• SNMP MIB Browser I’m forced to use a pretty wide variety of network monitoring tools, some better than others. The biggest problem is digging through the MIB to find the OID leaf that actually describes the function/feature I’m trying to monitor. SNMP MIB Browser is a bit clunky, but doing a hierarchical probably would have been worse. This app doesn’t appear to be ready for the Nexus 7 platform yet, as it kept crashing. Note too that it wants root access. Price: Free Developer: Zoho Compatibility: Android 2.1 and up

  • SSH Tunnel When you don’t have an SSL-VPN or IPSec VPN already set up, SSH tunnels will do the job -- and they just plain work. SSH Tunnel absolutely requires root access, but allows you to tunnel just about any app through the SSH tunnel to your destination, e.g. a Linux machine at work. You could point your app at 127.0.0.1 port 12000 and pop out from the Linux box to hit your IIS-based WebDAV server at 10.51.0.200 on port 80, for example. If this sounded Greek to you, just search “how to ssh tunnels” on Google. It’s a bit convoluted, but it's worth learning. Price: Free Developer: Max Lv Compatibility: Android 1.6 and up

  • Wifi Analyzer Wifi Analyzer is one of the must-have apps for any network geek. Being able to quickly tell who’s the bozo on an overlapping channel can make a significant difference in everyone’s Wi-Fi throughput. Just beware that not everyone thinks this awareness is a good thing. At one hotspot, I almost got my head taken off by a guy that was trashing channels 1 and 6 in the 2.4GHz range. He seemed to think my nicely asking to move his channel setup was an intrusion on his privacy. Price: Free Developer: farproc Compatibility: Android 1.5 and up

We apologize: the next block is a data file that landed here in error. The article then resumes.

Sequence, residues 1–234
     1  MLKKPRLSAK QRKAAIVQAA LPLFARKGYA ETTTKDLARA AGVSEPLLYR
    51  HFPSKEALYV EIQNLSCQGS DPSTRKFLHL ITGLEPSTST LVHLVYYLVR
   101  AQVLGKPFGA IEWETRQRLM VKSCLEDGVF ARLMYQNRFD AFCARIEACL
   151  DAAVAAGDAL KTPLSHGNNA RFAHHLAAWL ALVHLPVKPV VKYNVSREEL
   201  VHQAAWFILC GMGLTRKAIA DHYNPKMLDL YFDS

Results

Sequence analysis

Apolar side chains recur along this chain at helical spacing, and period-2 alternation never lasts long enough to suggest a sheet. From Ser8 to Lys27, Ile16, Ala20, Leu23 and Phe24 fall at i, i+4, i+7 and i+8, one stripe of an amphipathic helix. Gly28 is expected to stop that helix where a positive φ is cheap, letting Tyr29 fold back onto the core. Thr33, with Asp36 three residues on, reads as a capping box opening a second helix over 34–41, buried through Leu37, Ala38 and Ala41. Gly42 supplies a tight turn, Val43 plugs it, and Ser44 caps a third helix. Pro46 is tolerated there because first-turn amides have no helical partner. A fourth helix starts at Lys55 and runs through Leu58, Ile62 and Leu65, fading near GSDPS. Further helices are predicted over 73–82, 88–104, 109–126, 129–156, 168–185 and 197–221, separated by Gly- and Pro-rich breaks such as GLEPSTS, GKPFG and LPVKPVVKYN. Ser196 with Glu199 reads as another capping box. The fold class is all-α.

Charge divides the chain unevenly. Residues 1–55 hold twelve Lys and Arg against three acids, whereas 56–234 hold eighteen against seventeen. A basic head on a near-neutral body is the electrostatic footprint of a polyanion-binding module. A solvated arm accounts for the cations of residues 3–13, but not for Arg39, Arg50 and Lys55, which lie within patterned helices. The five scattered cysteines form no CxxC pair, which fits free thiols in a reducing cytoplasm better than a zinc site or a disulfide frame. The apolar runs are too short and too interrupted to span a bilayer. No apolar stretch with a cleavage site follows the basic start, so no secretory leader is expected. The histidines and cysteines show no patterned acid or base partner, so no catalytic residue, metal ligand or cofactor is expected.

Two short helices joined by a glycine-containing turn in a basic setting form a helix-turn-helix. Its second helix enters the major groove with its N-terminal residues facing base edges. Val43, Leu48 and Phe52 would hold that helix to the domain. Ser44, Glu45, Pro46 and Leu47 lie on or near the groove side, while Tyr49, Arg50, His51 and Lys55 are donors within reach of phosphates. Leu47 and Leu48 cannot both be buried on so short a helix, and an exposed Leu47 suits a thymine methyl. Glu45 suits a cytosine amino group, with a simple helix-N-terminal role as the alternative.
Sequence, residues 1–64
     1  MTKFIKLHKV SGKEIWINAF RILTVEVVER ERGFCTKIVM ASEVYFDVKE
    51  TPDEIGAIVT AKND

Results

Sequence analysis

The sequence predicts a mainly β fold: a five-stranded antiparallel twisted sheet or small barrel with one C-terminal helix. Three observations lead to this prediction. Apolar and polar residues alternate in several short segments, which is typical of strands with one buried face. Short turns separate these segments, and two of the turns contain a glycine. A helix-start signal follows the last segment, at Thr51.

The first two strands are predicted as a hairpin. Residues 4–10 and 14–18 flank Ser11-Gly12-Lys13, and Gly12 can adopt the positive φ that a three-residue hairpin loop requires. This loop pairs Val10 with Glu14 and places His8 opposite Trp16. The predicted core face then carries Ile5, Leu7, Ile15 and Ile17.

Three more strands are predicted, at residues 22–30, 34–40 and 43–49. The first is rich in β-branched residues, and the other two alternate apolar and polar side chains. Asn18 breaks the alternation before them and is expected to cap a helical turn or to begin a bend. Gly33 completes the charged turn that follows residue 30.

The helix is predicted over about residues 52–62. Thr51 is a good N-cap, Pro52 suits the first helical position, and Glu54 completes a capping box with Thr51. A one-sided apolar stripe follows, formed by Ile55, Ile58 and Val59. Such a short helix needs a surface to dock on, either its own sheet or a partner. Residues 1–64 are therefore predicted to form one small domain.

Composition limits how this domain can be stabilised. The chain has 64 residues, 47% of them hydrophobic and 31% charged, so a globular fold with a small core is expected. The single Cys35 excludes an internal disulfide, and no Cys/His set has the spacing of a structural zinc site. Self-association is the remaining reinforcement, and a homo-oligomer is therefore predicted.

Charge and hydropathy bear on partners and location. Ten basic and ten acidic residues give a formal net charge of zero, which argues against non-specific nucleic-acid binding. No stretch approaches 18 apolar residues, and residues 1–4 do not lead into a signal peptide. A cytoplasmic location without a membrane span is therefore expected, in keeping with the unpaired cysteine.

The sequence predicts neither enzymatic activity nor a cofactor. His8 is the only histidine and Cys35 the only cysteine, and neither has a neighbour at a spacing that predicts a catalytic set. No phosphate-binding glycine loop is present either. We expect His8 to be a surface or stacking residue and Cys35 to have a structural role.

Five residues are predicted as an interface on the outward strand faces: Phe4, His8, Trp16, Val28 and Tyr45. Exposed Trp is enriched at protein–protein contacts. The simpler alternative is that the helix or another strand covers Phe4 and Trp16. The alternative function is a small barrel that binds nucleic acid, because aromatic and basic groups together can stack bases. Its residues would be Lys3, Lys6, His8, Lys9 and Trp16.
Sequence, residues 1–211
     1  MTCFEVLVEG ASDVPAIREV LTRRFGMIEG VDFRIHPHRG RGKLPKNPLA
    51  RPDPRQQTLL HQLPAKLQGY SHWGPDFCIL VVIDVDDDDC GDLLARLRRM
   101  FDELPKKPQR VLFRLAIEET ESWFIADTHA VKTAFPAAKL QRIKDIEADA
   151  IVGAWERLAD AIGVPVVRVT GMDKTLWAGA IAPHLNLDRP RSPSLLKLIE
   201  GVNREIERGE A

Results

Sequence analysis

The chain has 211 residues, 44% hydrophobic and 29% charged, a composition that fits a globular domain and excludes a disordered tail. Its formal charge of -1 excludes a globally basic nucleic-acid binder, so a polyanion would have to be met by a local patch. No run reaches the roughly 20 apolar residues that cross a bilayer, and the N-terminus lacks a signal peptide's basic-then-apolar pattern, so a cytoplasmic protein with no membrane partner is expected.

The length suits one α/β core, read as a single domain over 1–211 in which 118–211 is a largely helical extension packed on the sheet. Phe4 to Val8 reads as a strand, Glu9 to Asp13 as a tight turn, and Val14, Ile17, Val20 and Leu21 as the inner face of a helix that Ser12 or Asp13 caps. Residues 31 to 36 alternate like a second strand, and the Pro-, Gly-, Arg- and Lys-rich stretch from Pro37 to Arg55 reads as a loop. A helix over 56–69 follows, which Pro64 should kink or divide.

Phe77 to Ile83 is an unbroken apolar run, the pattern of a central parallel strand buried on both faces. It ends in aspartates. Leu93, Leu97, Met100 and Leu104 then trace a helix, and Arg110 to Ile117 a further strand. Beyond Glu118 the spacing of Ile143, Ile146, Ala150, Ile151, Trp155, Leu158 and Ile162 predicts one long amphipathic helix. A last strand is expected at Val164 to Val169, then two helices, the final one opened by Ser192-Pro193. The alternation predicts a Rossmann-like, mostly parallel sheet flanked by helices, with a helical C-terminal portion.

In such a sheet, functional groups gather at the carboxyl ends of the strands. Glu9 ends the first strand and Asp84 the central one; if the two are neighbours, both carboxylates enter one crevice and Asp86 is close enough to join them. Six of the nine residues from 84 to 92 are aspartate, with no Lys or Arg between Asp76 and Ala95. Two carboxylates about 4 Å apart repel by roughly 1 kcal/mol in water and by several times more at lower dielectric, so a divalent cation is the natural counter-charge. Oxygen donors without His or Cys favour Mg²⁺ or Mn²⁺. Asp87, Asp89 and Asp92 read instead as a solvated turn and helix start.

• VoIP Bandwidth Calculator Setting up QoS profiles typically means having to know how much bandwidth the stream will take up. The handy VoIP Bandwidth Calculator can be a godsend in Cisco shops, where QoS is a black art. Just make sure you count all of your VoIP devices on each switch so that you have the correct sum of all your VoIP streams. Price: Free Developer: Savagelands Compatibility: Android 2.1 and up

  • Google Authenticator Google Authenticator is a software implementation of what the RSA folks have been doing for years with those SecureID keychain dongles. Just seeing what happened to Wired Magazine’s Matthew Honan should be enough to get anyone interested in multifactor authentication. The Google authors have also made a PAM authentication module available so that you can use Google Authenticator for your Linux-based server apps. Price: Free Developer: Google Compatibility: Android 2.1 and up

  • SplashID Safe Do you have too many passwords? I sure do, and I use SplashID’s password vault to manage them. SplashID Safe for Android synchronizes to my desktop, scrubs the database if someone tries to break in, and password-protects the backups. A USB thumb drive version is available too. The best part is, SplashID even has a version for my Nokia Lumia 710 running Windows Phone. There are lots of password vaults, and some of the free versions are pretty good. I chose SplashID so that I can have cross-platform support for the 2,000+ passwords that I need to keep track of. Price: $9.99 Developer: SplashData Compatibility: Android 1.5 and up